Changes in the breast through various phases of life are normal, so how do we stay reassured about the changes that occur during pregnancy and breastfeeding?
Tenderness and discomfort in the breast are some of the earliest symptoms indicating pregnancy and can occur as early as 1-2 weeks after conception. Some may observe this sensation as a heaviness, soreness or tingly sensation within the breast. These changes start occurring due to the increase in hormone levels in the body that cause increased blood flow to the breast tissue. These symptoms may subside in the later stages of the first trimester and occur during the later stages of pregnancy.
It is important to remember that symptoms will vary from person to person and not everybody will develop the same symptoms.
As you go through the different trimesters, it is normal for your breast to go up a cup size or two. This growth can cause the breasts to feel itchy as the skin stretches and at times results in prominent veins that appear on the skin of the breast. Sometimes, along with increase in the breast size, the nipples also may look enlarged, swollen and more sensitive. The areolar which is the coloured circle around the nipple may darken and small bumps may appear on them known as the Montgomery tubercles. These glands are oil producing glands that promote easier breastfeeding.
Nipple discharge or early milk production is not uncommon and can start from the second trimester on but more likely when the breasts are stimulated. This discharge may be watery, milky or thick yellow in nature.
There are many ways to ease into the changes that occur in the breast during pregnancy. The most important being a well-fitted and supportive bra with wide straps, adjustable closures, cotton fabric and seam-free design near the nipple. Applying lotions and oils can help relieve the itching and tingling sensation. Reusable or disposable breast pads are handy if you are leaking from the nipple during pregnancy.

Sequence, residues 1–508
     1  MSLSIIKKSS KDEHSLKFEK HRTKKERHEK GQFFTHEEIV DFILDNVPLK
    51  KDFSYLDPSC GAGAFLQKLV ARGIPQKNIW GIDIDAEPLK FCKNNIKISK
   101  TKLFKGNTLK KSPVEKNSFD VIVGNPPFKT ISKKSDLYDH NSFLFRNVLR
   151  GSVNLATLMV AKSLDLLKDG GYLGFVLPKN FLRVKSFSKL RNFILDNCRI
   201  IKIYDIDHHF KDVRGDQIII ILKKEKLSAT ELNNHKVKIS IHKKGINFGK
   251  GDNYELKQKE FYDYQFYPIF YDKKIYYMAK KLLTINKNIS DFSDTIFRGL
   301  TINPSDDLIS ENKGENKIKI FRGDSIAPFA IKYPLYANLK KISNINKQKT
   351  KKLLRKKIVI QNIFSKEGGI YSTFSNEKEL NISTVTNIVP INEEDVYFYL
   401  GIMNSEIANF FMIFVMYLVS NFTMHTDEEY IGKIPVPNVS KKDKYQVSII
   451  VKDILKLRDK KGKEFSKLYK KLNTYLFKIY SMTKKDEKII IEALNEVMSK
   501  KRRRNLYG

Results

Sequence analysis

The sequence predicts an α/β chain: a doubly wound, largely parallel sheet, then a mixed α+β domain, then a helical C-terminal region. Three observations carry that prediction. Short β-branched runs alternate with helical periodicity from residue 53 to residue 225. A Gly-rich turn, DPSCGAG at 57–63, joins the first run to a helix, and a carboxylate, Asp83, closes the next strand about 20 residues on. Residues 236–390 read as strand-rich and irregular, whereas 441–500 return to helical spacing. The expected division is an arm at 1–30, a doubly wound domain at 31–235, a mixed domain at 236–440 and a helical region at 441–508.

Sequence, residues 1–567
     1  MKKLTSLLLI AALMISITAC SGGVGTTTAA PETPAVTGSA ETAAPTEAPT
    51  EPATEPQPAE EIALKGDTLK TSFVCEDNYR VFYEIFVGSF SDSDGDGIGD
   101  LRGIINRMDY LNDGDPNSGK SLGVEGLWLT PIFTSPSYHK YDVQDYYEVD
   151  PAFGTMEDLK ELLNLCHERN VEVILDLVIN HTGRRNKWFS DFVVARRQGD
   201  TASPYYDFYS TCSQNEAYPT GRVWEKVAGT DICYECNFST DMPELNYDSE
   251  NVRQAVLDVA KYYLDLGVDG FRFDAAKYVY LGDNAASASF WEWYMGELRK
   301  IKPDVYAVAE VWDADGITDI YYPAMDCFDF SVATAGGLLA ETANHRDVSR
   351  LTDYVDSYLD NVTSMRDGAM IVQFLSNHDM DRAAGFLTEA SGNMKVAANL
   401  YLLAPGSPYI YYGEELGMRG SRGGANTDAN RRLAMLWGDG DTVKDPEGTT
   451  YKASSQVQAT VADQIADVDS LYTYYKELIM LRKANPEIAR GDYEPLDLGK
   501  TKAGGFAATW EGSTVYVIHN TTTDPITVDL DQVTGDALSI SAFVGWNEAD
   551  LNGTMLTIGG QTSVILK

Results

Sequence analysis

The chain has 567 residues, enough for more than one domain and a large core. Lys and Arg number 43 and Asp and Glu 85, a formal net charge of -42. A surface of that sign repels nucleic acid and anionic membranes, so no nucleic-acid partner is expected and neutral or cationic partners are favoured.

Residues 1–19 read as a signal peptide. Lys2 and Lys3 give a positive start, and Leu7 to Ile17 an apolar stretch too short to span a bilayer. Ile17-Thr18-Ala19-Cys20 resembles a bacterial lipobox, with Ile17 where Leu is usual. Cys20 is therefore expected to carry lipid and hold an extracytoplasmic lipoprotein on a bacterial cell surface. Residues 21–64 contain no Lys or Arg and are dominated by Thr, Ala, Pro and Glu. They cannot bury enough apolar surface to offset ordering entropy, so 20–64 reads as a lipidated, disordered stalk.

After delivery, some of these changes may persist during the initial stages of breastfeeding and subside eventually. Breastfeeding can be challenging but here are some tips to help you through.
If your breasts feel heavy, engorged and painful, it is a reminder for you to feed or to empty your breasts via manual expression or pumping. If you fail to empty your breasts at proper intervals, you may form milk pockets, blockage of the milk ducts and eventually an infection.
If you are struggling with blocked milk ducts, hot showers or hot packs, gentle massages and expressing helps open up the milk ducts.
Empty your breasts after a feed if your baby has not done so and ensure to address both breasts at each feed. This will help prevent infection brewing in the milk glands. Milk can be expressed or pumped into a sterile container, stored appropriately and fed back to the baby later on.
If you notice any redness on the breast that doesn’t go away with massage or expressing, consult a doctor to rule out an infection.
Lastly, remember that with every pregnancy and increased duration of breastfeeding you bring down your risk for